draws church, it maliciously soaks the band draught of water from a surface pool and makes the park a pool, thus indi- she mocks the world's thirst; only rectly suggesting the neighboring when she draws from eternal springs church as at least a temporary shelter.

is she the servant and messenger of In the lapse of a generation we have God. In the last thirty-three years I seen enough to give us heart about have seen enough dead theories, ex Sunday and all the questions related ploded nightmares, and discarded to it, or bound up with its fortunes. It hypotheses to make a full-sized cemeis a remarkable fact, so far as my ex- tery. They have gone the way of all perience goes, that nothing that has the earth. They flamboyantly entered been deliberately organized in opposi

the world as amateur military tion to Sunday has ever succeeded. band, and coughed their way out of it For a time it has made a splash, but as a squad of consumptive tramps. the day of grief has sooner

or later Whenever a preacher has a new and darkened upon it. This fact cannot be sparkling theory in religion, I know put amongst the superstitions; it is too that the first nail in his coffin has been bulky a fact to permit of such easy

driven and clinched. disposal. For a time, as I have ad- Another point of special significance mitted, there may be much hilarious and momentousness is the easy way shouting and mighty bragging by un- in which some men, of unquestionable spiritual men, but the laugh of the de- sincerity, come, in course of time, to risive heavens has always announced disregard their own signature. This the rout of the assailant and the filing is the case in a remarkable degree in of his petition in bankruptcy. I put reference to matters of creed and felmy hand to this as to an affidavit. I lowship. When a man deliberately will go further and testify that within elects to join a body of Christians by my personal observation no hetero- solemnly accepting all its fundamental doxy permanently thrives. Even beliefs, is he at liberty to change or magic-lanterns "have their day and modify his faith without giving notice cease to be.” They are toys for a sea- to his co-believers? Would the signing son only. Odd practices, eccentric doc- of a commercial partnership deed not trines, fads, megrims, and all sorts of require certain obligations to be honintellectual curiosities may flourish for orably complied with? I do not oba time, but "having no deepness of ject to a man expanding, or even disearth they soon wither away.” False avowing, any mechanical creed, but I doctrine however eloquently expound- do object to a signature being ed, hardly ever pays its own rent. duced to a dead letter. The signature Many a startling heterodoxy intended should be the man. Let the man, it to bring in an intellectual renaissance so minded, change his creed, but at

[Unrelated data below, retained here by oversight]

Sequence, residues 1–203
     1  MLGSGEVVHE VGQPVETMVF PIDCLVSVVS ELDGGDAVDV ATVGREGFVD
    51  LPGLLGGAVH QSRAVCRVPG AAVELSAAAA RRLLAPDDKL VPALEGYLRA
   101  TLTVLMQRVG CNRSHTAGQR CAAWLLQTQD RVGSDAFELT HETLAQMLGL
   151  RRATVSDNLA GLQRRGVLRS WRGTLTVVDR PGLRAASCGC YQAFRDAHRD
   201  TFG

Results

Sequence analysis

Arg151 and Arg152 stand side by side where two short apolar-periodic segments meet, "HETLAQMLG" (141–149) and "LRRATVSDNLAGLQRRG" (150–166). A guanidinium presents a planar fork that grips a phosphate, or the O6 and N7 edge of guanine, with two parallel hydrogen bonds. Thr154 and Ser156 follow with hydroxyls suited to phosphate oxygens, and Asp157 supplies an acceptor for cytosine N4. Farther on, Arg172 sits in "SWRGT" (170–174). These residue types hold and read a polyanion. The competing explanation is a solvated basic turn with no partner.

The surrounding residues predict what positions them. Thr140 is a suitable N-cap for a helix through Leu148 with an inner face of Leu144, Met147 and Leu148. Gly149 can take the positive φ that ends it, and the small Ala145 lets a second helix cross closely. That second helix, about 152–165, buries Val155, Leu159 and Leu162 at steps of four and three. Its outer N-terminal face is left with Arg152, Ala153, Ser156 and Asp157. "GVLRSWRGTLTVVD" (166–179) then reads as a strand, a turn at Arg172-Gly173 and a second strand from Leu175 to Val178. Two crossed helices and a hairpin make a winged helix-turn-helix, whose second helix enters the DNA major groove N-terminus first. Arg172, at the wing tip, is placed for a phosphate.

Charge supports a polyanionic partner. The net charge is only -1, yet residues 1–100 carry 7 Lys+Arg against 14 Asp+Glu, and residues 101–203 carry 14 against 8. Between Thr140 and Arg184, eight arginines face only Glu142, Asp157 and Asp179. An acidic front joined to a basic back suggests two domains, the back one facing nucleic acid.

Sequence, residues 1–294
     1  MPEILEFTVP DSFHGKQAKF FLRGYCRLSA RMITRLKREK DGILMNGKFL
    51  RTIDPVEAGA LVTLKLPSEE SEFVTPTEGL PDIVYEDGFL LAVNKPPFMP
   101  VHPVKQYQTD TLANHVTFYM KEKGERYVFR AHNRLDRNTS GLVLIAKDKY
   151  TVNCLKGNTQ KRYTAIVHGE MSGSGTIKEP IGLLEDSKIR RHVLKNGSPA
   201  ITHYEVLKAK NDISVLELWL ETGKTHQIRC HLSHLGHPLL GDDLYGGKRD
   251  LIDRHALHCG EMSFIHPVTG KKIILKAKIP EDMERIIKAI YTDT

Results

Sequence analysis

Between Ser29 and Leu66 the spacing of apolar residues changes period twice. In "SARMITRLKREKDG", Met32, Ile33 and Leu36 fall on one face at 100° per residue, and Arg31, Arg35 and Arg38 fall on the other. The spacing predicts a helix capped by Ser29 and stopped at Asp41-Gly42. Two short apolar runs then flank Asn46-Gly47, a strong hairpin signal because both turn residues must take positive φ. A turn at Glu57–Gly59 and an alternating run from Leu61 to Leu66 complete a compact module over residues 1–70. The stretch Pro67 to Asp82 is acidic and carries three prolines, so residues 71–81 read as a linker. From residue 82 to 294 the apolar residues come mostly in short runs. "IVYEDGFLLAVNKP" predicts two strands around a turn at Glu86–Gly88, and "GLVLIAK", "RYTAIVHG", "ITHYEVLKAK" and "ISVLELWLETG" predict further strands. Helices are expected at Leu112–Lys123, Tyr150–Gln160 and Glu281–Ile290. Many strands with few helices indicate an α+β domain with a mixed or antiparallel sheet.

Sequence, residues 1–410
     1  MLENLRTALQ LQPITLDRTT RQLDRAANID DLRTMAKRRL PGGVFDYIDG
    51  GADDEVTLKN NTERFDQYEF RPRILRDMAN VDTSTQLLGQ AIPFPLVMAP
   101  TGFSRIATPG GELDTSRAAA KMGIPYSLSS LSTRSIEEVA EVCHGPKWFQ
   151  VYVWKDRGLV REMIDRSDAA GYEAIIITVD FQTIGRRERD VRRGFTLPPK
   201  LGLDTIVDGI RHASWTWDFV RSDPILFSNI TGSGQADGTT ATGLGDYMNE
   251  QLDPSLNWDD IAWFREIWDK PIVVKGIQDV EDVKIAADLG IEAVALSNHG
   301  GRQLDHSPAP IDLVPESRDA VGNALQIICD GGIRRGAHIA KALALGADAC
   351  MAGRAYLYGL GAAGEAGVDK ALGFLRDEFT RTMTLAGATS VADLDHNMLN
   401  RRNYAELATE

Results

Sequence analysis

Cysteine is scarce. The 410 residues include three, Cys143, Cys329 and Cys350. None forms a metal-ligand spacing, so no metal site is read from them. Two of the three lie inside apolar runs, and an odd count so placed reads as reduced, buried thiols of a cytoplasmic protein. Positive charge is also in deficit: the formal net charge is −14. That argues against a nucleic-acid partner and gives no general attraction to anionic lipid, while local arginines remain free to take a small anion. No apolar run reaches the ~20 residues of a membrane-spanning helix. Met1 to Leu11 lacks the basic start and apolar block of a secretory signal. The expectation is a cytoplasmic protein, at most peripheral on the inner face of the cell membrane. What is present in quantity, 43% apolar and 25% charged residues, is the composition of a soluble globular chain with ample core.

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the same time let him not think that

sympathetic-in a word, he must be a he can with honor take orthodox

man, a teacher, a friend. Preaching money for teaching heterodox doc- is the most impertinent of all impertitrine. Let all things be done in open nences, if there be not behind it and day. No teacher is, for example, at round about it a sense of authority lib to teach Unitarian doctrine in other and better than human. The a Trinitarian pulpit, or vice versa. For preacher must deliver a positive and my own part, I would not sign a bind- authorized message

rather than suging and final creed drawn up by my gest tentative and variable theories; own hand, because words change their he must have an articulate and urapplications, standpoints vary day by gent Gospel, he is not called upon to day, even atmosphere follows the laws exploit his latest invention in pulpit of evolution, and the infinite can never dreams. What preacher does not rebe finally expressed in terms of time and member the time when he could never space. God must, in mere decency, be left satisfactorily conclude a sermon some room even in his own Church. cept "amid the wreck of matter and A creed that does not admit of expan- the crash of worlds,” yet who would sion may be a useful guide-post, but now, in the twentieth century, wila living fruit-tree it can never be. Why lingly break up the world and sit down do intelligent men sign creeds? By a